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Lewes, Delaware
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February 28, 1997     Cape Gazette
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February 28, 1997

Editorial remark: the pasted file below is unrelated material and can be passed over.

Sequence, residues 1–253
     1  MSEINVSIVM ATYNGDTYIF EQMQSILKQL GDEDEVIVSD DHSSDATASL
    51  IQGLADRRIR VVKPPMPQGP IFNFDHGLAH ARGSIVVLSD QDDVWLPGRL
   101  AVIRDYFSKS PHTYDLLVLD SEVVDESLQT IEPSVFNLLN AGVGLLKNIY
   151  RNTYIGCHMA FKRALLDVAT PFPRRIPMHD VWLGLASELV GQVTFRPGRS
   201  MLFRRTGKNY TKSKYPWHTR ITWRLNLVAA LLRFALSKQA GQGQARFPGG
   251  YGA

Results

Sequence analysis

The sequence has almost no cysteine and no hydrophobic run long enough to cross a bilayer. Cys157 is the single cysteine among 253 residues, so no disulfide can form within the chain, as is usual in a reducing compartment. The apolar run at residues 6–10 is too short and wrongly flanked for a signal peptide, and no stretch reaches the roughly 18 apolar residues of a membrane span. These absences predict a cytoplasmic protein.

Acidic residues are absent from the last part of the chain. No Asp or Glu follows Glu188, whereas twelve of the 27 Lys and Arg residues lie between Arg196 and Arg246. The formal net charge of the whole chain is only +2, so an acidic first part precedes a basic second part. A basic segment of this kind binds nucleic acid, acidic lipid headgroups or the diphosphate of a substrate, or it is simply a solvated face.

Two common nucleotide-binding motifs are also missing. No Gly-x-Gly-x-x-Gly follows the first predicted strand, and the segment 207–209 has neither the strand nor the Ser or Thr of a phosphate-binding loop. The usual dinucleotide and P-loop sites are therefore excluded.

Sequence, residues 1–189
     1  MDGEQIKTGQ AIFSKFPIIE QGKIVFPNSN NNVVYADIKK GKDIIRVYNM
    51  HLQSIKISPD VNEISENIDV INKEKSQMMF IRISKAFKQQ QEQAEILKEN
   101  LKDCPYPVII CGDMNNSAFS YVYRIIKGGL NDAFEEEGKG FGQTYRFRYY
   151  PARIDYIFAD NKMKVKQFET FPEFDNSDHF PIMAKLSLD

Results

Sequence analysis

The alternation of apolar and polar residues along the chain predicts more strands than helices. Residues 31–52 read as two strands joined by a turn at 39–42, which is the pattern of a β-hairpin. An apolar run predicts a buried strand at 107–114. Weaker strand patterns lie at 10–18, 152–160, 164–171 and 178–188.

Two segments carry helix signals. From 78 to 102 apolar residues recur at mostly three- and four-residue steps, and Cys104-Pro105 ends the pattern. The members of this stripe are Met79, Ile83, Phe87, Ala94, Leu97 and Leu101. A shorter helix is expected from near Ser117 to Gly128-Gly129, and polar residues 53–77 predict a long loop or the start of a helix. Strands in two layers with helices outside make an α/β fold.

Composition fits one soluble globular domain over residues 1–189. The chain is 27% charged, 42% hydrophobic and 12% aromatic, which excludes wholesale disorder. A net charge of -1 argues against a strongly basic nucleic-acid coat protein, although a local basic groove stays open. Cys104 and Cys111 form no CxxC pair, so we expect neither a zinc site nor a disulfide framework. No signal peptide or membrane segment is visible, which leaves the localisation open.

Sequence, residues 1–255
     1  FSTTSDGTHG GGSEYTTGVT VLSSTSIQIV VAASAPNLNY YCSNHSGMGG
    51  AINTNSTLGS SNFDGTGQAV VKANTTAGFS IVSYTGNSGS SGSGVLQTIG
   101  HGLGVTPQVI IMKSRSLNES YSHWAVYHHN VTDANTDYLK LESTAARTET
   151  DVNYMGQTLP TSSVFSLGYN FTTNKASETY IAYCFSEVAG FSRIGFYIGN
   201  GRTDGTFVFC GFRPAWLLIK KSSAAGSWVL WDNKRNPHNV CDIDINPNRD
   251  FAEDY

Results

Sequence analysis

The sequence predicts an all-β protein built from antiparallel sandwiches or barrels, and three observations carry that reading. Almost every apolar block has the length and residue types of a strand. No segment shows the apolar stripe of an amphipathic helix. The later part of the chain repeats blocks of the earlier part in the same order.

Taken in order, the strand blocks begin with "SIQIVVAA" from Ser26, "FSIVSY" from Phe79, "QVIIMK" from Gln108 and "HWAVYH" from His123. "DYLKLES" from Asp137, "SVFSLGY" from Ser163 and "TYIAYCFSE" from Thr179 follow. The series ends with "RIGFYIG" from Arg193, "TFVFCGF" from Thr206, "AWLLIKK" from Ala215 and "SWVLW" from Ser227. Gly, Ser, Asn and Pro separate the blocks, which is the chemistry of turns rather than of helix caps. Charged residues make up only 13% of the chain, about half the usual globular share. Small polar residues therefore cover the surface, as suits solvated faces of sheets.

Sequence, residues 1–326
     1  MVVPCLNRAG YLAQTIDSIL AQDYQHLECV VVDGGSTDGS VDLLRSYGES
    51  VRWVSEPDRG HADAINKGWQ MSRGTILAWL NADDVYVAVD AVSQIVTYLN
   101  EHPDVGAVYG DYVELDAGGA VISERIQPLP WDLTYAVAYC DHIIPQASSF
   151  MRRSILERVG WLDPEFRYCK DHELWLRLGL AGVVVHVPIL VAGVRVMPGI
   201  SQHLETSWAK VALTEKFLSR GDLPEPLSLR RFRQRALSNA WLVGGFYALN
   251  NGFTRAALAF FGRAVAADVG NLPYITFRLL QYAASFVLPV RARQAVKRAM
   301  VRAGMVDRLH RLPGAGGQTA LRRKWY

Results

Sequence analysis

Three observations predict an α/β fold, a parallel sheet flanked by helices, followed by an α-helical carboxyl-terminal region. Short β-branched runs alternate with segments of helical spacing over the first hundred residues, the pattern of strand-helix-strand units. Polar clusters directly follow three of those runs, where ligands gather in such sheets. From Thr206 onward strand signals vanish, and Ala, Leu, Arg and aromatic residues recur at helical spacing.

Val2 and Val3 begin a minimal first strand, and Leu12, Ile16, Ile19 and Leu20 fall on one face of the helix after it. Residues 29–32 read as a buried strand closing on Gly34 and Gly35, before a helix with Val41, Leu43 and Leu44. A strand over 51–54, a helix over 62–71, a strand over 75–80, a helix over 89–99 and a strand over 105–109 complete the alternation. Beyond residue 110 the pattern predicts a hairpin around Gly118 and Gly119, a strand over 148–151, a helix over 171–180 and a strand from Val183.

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62 - CAPE GAZETTE, Friday, February 28- March 6, 1997 Fed0000ral weakfish limits could help Delaware OUTDOORS Trout stocking March 6 If it's March, it must be time to stock the trout. On Thursday, March 6, there will be 500 rainbow trout stocked in Gravel Hill Pond on Route 9 near Harbeson. Two weeks later, another 500 fish will go in the pond. The annual program has proven popular with Sussex fishermen. The fish average 11 inches in length (a trout stamp and fishing license are needed) and will take baits and small lures. This is strictly a put and take fishery, because the waters at Gravel Hill can't sustain the fish all year long. They are much too warm for that, but it's a good ear- ly season fishery for Sussex County anglers suffering from a bad case of spring fever. It's also the only chance to catch freshwater trout in Sussex County (the weakfish or sea trout is an entirely different fish which is only caught in saltwater). Delaware fishery officials have frequently been criticized for con- servation measures for weakfish while other states, especially North Carolina, did little to pro- tect the species (North Carolina eventually adopted a minimum size). Now the National Marine Fish- eries Service is talking, once again, about coastal restrictions to protect the species. The impact of the regulations, which include a 12-inch minimum size limit, probably won't have much impact on Delaware an- glers. That's because Delaware al- ready has minimum sizes, but the regulations should help protect the coastwide fishery. The local hearing will be Mon- day, March 10 at 7:30 p.m. at the DNREC Auditorium, 89 Kings Highway, Dover. Delaware already has a 13-inch minimum for recreational (and a 12-inch minimum size for com- mercial fishing). Delaware fishery official Charles Lesser said the measure should help protect the fish from offshore fishing on the wintering grounds and said the measure could help Delaware's fishing. One measure to help con- serve the fish would be a restric- tion on fly nets south of Cape Hat- teras, N.C., an effort to limit com- mercial netting. He encourages people to attend the hearing. Rep. John Schroeder (D-Lewes) said that efforts are needed and suggested a temporary moratori- um similar to that for striped bass in the 1980s. "It's quite obvious there needs to be drastic measures taken," according to Schroeder, whose legislation established a bi- state weakfish commission with New Jersey several years ago to try to improve the stocks. More turkeys released Delaware released 31 more wiild turkeys on Feb. 20 in an effort to add genetic diversity to its already thriving flock. Birds were released TIDES Dat( 3/1 at Star Enterprises in New Castle as well as Kent and Sussex Coun- ty locations. Some of the wary birds, from South Carolina and Virginia, were released at the Nanticoke Wildlife Refuge near Laurel in Sussex. Turkeys were considered ex- tinct or nearly extinct until 1984 in Delaware. But the birds were re-introduced into Delaware, one 3/2 of their ancestral homes, and have since grown and thrived. The new birds were introduced to return the turkeys to Northern Delaware and to assist in mixing up the gene pool. "This is quite an event, bringing in so many birds at once," said Lloyd Alexander, wildlife manag- er for the Division of Fish and Wildlife. "This will probably be Delaware DNREC photo Delaware released 31 more turkeys on Feb. 20 to add some genetic diversity to its flock of 2,500 birds. Here, Ted Palmer (left) of Milton, and the National Wild Turkey Federation, and Delaware Wildlife Division Director Lloyd Alexander release a bird at Blackiston Wildlife Refuge in Kent County. rrlnled T- Shirls & Sporlswear Geoff Vernon is now in independent operation as Indian River Rehoboth Roosevelt Oak Inlet Beach Inlet Orchard 3/5 I 3/3 1-Z-1-53 1 s.3o 1 2:12 18:27 i 3:16 19:32 15:o31 -- I - 3/4 Artwork Logo Design a#rvlB# . Ogallfy Work Reasonable Prices 3/6 37 the last time we'll be doing this kind of release with turkeys be- cause they are showing a remark- able comeback and this addition will help secure their numbers in- to the future." The restoration effort is being paid for by grants from Star Enter- prises, the Division of Fish and Wildlife, Wildlife Forever and the National Wild Turkey Federation. Available to good homes Delaware's Adopt-A-Wetland program will host three forums in March to try to get more people interested in adopting Delaware wetlands. In each case, the people who adopt look out for the area. That could mean picking up litter, look- ing for sources of pollutants, im- proving habitat and doing plant surveys concerned about wet- lands. The Sussex County forum will be on Wednesday, March 5 (7 to 8:30 p.m.) and will be held at the Abbotts Mill Nature Center out- side Milford. For information, please call 337-8847. I BET YOU DIDN'T KNOW SPORTS FANS! Brought to you by Kelly Raez Who was the TALLEST basketball player of all-time?...The record is held by Ali Nashnush who played for the Libyan National team...He was 8 feet tall--the tallest player in the history of the sport. What are the most games in a row any basketball team ever won?...The most amazing streak by any team in high school, college or pro ball was the one by the Baskin, La., High School gids' team...Between 1947 and 1953, they won--not just 100 straight games or 150 straight or 200 straight--but the unbelievable total of 218 consecutive games to set the all-time record. Did you know a boxer once won the heavyweight championship of the world while lying on his back?...How did this happen?...In 1930, Jack Sharkey and Max Schmeling met for the ttle..Sharkey knocked Schmeling down in the fourth round but his punch was called a foul blow...Because of the foul, Sharkey was disqualified and the championship was awarded to Schmel- ing as he was lying on his back! I bet you didn't know... You get a FREESet-Up, Tune-Up and Instruction With Every Bow Purchase at RbR Sports center! ARGHtR PRO gHOP HOYT - MARTIN - RS.E BOWS IN STOCK . COIWLETE 90W ANALYS. FA TRND lX- .WE O0 ALL DO# REPAIRS. IOOR TARC, ET FLANGE $AST AOW FLG SMLAT( . TREE StIOS. BLA(X POWOER. NO SALES TAX 1124 HWY. 1, LEWES, DE 302-645-9801